By the year 2030, we could have about 28 million new cancer cases each year… It is a significant global challenge…that we cannot afford to ignore.
— Franco Cavalli, MD, FRCP
Switzerland, a landlocked country with a population about that of New York City, has four geographic regions, each with its own official language. Internationally regarded lymphoma and breast cancer expert, Franco Cavalli, MD, FRCP, was born and raised in Locarno, a town in the Italian region of Switzerland, which hugs the banks of the massive Lake Maggiore at the foot of the Alps. “I went from primary school on through college, and was the first in my family to achieve an advanced degree. At that time, there were three classical professions: lawyer, engineer, or physician,” said Dr. Cavalli. Dr. Cavalli concedes that since he didn’t like math and had mixed opinions about lawyers, becoming a doctor was essentially a process of elimination.
His choice to become a doctor faced one hurdle: There was no medical college in the Italian-speaking region of Switzerland. “I had to go north of the Alps to either the French- or German-speaking region of the country. Since French is similar to Italian, I decided to go to medical school in the German region so I’d learn the language along with getting my medical degree,” said Dr. Cavalli.
Early Interest in Psychiatry Leads to Oncology
Dr. Cavalli said that when he went to medical school, there were an unlimited number of seats. “Today, medical school entrance is highly competitive, but I was accepted directly following college, after passing the entrance exam. To this day, all the universities in Switzerland are public, with very little variance in the quality of education. And the tuition is very low; anyone can afford to go to a university. This helped in my case, since I came from a family of meager means,” said Dr. Cavalli.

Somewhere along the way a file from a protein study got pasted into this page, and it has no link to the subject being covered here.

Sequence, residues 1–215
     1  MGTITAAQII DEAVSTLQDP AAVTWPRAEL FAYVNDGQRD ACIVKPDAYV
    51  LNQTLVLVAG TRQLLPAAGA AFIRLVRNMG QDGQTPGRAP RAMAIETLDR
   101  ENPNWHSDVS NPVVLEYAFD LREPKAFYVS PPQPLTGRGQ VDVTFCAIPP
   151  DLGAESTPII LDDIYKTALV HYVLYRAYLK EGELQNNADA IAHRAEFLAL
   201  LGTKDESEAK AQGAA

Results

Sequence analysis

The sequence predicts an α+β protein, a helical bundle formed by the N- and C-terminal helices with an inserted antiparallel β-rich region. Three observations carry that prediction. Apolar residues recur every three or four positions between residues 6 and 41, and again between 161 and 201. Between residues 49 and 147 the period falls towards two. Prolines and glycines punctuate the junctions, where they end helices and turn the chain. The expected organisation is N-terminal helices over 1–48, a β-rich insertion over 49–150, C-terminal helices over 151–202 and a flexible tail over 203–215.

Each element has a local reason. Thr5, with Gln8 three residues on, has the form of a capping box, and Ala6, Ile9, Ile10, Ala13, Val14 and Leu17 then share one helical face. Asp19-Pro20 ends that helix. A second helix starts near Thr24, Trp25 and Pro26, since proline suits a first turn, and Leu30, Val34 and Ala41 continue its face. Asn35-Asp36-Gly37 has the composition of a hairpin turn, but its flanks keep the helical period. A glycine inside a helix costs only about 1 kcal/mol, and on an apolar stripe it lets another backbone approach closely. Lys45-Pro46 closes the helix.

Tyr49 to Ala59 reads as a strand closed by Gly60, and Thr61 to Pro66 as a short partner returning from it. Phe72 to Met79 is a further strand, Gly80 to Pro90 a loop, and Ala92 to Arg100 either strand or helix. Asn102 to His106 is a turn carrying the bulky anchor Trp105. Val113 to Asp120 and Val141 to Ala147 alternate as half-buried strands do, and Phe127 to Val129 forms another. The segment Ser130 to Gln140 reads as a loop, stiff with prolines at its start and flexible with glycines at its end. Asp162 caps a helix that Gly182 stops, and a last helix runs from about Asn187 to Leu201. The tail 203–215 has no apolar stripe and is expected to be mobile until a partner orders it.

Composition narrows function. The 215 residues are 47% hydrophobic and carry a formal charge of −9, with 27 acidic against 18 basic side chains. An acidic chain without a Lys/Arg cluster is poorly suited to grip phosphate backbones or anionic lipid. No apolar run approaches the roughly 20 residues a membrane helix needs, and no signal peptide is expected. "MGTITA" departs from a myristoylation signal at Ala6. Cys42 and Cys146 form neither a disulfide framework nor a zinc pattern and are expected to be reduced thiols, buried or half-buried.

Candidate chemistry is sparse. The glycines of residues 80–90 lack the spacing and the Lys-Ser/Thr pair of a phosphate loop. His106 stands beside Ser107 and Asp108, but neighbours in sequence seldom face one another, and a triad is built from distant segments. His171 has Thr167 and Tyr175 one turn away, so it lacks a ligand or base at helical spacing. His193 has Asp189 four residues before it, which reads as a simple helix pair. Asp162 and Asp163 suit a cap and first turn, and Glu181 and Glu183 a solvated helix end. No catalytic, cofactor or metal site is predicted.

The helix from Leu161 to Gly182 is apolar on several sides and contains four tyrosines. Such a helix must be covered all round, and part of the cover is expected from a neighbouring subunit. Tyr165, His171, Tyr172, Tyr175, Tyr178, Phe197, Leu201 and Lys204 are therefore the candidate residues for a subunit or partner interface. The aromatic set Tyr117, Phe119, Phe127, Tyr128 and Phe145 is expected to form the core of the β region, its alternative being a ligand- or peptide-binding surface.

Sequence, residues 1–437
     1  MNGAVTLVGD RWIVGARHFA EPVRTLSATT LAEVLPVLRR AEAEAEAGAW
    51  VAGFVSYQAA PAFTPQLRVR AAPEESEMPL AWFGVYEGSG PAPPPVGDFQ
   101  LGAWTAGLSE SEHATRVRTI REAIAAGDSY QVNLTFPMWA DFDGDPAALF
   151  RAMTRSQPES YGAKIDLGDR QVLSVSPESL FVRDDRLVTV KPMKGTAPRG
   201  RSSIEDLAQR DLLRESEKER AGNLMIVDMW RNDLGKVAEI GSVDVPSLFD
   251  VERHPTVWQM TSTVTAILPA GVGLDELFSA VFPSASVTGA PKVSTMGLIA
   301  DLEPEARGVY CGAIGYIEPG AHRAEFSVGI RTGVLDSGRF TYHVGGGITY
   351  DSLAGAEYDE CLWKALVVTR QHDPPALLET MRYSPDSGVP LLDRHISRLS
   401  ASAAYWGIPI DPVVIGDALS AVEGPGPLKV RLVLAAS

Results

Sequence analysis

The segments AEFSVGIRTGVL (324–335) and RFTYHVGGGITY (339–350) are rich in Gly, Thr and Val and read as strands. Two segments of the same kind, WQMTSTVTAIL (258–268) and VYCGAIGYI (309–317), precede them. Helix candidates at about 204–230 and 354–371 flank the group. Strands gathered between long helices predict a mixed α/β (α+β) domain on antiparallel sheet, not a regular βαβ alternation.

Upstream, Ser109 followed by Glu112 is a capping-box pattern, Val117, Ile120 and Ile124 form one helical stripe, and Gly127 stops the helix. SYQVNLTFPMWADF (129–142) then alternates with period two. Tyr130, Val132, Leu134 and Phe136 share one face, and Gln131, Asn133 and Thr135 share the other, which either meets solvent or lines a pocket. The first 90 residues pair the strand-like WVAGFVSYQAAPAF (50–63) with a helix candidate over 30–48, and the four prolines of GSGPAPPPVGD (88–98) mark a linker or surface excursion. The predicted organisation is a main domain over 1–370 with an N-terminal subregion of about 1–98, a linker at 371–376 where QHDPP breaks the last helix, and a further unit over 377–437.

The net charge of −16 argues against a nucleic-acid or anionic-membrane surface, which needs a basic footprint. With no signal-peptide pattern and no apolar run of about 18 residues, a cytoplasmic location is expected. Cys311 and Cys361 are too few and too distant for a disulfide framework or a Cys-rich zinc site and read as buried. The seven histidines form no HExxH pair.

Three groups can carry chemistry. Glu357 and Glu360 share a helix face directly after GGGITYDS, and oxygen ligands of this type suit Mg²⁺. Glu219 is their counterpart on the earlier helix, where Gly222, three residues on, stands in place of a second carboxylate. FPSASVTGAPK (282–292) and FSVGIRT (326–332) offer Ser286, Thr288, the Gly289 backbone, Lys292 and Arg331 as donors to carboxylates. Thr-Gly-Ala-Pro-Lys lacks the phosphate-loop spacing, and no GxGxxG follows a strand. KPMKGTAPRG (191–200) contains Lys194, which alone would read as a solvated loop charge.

Dr. Cavalli passed his final exam in medical school in 1968, a turbulent time in global politics. “I was very engaged in political movements when I was a young medical school student. There was so much anxiety in the air at that time among young students that I convinced myself to become a psychiatrist,” said Dr. Cavalli. After graduating medical school, he spent two and a half years studying psychiatry.
Part of his training included a compulsory stint in internal medicine. “By the time I started the internal medicine, I was disappointed in psychiatry. During this period I met a fascinating professor named Kurt Brunner, MD, who influenced my decision to switch careers to oncology. He said that my combined interests in human behavior and science made oncology a perfect fit. He was right,” said Dr. Cavalli.
Founds Oncology Institute of Southern Switzerland
Dr. Cavalli explained that several Swiss oncologists, Dr. Brunner among them, traveled to the United States to work and study at Roswell Park Cancer Institute, and it was the knowledge they brought back that, in part, launched Switzerland’s first cancer institutes. “It was an exciting time for me, as at that time Switzerland had the most aggressive clinical research programs in Europe,” said Dr. Cavalli.
In 1978, after completing his medical training, Dr. Cavalli returned to the Italian region of Switzerland to practice oncology. “But there were no oncology programs at the time, so with a part-time secretary and part-time nurse I started and built what is now the Oncology Institute of Southern Switzerland (IOSI), the comprehensive cancer center for the Italian-speaking part of Switzerland,” noted Dr. Cavalli, adding, “I now have 250 coworkers in our center, which is based on the U.S. template of the multidisciplinary comprehensive cancer center.”